Manor College’s Ukraine Dialogue Explores Zaporizhzhia Nuclear Plant

The semi-annual event is sponsored by the Ukrainian Selfreliance Federal Credit Union.

Manor College held its semi-annual Ukraine Dialogue on Thursday, April 27. The panel discussion explored Russia’s incursion of the Zaporizhzhia Nuclear Plant and the fallout that would occur if Russia, by neglect or intention, caused the plant to melt-down.

“This is the only time an active nuclear plant has been part of a war zone,” said Ambassador Roman Popadiuk, the first United States Ambassador to Ukraine and the evening’s moderator, said. “The plant is actually in use, and we need to study what the consequences may be regarding conflict affiliated with this site.” 

The panel included: 

  • Michael E. Kirst, a top energy consultant operating out of Brussels. He was the Vice President for Strategy and External Affairs for Europe, Middle East and Africa for Westinghouse Electric Company. 
  • Riaz Awan, Vice President of Ukraine operations and Holtec’s executive sponsor of Ukraine’s Central Spent Fuel Storage Facility. 
  • Dr. Mike Mittelman, President of Salus University and Former Deputy Surgeon General of the Navy. 

Kirst praised Ukrainians who kept the nuclear plant operating safely during the invasion. 

“For years, those who opposed nuclear power were concerned about a meltdown,” Kirst said. “Now, we need to be concerned about a hostile takeover of a power plant. There must be consequences for this action.” 

Awan believes that the Russian military capture of the plant set a new precedent – as well as violation – in warfare.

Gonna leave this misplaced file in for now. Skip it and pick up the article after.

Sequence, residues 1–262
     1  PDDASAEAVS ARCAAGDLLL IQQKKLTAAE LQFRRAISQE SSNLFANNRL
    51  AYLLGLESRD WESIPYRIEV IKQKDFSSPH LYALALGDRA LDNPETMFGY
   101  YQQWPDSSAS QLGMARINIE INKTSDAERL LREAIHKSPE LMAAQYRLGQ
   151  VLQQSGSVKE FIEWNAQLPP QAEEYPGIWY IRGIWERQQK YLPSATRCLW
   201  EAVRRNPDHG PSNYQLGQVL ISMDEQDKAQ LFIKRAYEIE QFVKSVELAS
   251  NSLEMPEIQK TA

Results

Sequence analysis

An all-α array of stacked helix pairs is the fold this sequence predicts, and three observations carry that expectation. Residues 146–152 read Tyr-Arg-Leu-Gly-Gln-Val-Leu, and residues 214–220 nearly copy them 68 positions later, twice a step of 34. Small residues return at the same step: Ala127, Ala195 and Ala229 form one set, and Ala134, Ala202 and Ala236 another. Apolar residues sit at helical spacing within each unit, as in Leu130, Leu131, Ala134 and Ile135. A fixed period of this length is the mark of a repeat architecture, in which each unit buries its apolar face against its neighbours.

“This is a dangerous milestone that has never been seen before,” Awan said. “Using a power plant in a peaceful country threatens democracy everywhere. All business relationships with Russia should be terminated in protest.”

Dr. Mittelman discussed the 2011 earthquake in Fukushima, Japan that severely damaged a nuclear power plant. He served in a role helping thousands of lives, addressing concerns, distributing medicine, testing water supplies and conducting risk communications. 

“If something were to happen in Ukraine, the same response would have to happen,” Mittelman said. “It will be important to create monitoring devices to keep populations safe. This includes knowing how the prevailing winds were traveling because they will carry radiation exposure. He says the prevailing winds currently in Ukraine are pointing toward Russia, so there are reasons why the Russian military will want to maintain safety at the Ukraine nuclear power plant.”

The event, which took place online, featured more than 60 people in attendance. Manor College’s next Ukraine Dialogue is expected to take place next Fall. 

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